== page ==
Trichomoniasis Overview

Trichomoniasis, or "trich," is a sexually transmitted infection or STD that occurs in both men and women and is caused by a parasite. In men, symptoms occur in the tube that carries urine out of the body (urethra). In women, the vagina and cervix are affected.

Infected, asymptomatic men commonly infect their partners, although women who are carriers can also be symptom free. Trichomoniasis often occurs with other STDs, such as gonorrhea and nongonococcal urethritis (chlamydia), particularly in women.

Incidence and Prevalence of Trichomoniasis

According to the Centers for Disease Control and Prevention (CDC), trichomoniasis is the most common curable STD. In the United States, about 3.7 million people are infected, but only about 30 of people with the parasite develop symptoms of trichomoniasis. Infection is more common in women than in men, and older women are more likely than younger women to be infected. Highest prevalence occurs in African Americans.

Cause of Trichomoniasis

Trichomoniasis is caused by the parasite Trichomonas vaginalis, which is transmitted principally through direct sexual contact. It also can be spread during mutual masturbation and by sharing sex toys.

Signs and Symptoms of Trichomoniasis

Symptoms generally appear 4 to 20 days after infection. Women may experience a profuse, frothy, yellow-green or gray vaginal discharge, sometimes with bleeding, an unpleasant vaginal odor, and vulvovaginal itching and discomfort. Painful and frequent urination, vulvovaginal swelling, discomfort during sexual intercourse, and abdominal pain may also occur. Cervical hemorrhaging is uncommon.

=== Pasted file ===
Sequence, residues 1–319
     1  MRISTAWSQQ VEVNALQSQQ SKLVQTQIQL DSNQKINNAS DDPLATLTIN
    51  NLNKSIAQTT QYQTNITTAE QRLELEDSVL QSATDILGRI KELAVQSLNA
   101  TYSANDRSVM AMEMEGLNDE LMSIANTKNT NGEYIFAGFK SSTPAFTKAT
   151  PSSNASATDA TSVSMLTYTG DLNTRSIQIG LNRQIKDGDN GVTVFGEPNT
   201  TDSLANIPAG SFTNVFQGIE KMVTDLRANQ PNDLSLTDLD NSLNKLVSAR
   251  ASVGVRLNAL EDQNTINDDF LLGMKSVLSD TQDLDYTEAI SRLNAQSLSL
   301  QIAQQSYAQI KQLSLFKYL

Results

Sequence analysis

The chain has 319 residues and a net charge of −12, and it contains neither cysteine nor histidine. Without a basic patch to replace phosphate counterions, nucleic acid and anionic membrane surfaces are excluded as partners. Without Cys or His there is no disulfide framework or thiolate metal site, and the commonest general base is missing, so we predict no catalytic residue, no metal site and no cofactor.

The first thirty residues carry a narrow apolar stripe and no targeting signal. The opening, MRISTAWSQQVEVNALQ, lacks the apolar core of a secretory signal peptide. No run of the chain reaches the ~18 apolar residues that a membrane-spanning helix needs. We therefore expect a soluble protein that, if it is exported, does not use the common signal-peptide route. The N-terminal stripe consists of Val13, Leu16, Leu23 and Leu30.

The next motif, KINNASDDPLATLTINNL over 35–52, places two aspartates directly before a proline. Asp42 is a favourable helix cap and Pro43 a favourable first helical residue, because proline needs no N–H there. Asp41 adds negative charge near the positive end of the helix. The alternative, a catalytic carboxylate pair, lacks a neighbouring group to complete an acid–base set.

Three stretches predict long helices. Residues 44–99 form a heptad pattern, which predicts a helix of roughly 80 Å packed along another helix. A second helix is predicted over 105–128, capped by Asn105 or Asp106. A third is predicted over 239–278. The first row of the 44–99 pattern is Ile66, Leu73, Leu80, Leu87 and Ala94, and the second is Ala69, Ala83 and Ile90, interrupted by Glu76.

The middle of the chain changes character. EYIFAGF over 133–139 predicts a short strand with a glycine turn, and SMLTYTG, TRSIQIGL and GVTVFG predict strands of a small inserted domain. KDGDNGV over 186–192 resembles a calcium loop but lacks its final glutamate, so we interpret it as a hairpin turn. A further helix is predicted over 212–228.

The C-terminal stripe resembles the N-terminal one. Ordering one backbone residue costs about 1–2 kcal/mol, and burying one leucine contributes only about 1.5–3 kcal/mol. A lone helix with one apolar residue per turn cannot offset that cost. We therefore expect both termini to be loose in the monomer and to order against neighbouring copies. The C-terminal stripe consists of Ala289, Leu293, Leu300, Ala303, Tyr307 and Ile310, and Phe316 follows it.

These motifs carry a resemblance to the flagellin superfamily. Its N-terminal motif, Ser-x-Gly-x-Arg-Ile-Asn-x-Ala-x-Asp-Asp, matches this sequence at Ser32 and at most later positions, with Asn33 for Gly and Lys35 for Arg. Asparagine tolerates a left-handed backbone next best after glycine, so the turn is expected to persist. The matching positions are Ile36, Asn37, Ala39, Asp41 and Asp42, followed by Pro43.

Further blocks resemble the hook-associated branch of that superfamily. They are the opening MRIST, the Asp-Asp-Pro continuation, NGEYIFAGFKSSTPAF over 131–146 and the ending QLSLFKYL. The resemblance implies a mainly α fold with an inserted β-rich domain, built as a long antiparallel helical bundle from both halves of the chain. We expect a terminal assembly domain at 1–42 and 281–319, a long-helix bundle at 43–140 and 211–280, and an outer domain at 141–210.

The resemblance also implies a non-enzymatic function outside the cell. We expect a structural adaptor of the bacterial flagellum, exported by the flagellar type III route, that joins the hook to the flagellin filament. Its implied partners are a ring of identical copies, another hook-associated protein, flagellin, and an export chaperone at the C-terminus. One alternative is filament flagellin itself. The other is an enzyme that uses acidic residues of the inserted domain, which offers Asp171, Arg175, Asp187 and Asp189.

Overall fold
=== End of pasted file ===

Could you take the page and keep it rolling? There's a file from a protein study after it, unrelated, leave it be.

Symptoms in men are rare and include a pale white discharge from the penis and painful or difficult urination.

Trichomoniasis Complications

Untreated trichomoniasis has been linked to an increased risk for HIV infection. Infected pregnant women are at risk for premature birth, low birth weight, and infection or rupture of the placenta. Inflammation of the prostate (prostatitis) and inflammation of the bladder (cystitis) are associated with trichomoniasis in men.

Trichomoniasis Diagnosis

Culturing a sample of discharge is the most reliable method of diagnosis. A swab is passed through a man's urethra or a woman's vagina to collect a sample. It takes 10 days to obtain results.

In women, a microscopic examination of vaginal fluid, Pap smear, and urinalysis are performed. The cervix is examined for hemorrhaging.

Because trichomoniasis often occurs with other STDs, patients are screened for chlamydia, gonorrhea, syphilis, and HIV.

Treatment for Trichomoniasis

Metronidazole (Flagyl) and tinidazole (Tindamax) are used to treat trichomoniasis. These drugs usually are administered in a single dose. People taking them should avoid alcohol immediately after treatment, because a chemical reaction causing nausea and vomiting can result.

Side effect include nausea, headache, and abdominal cramping. Seizures and neurological damage have been reported in some people taking metronidazole, although these cases are rare. Pregnant women should consult a physician before taking these medications.

While symptoms in men usually resolve on their own within a few weeks, an asymptomatic man can spread infection to sex partners, so treatment is advised and routinely prescribed.

Publication Review By: Stanley J. Swierzewski, III, M.D.

Published: 09 Jun 1998

Last Modified: 08 Oct 2015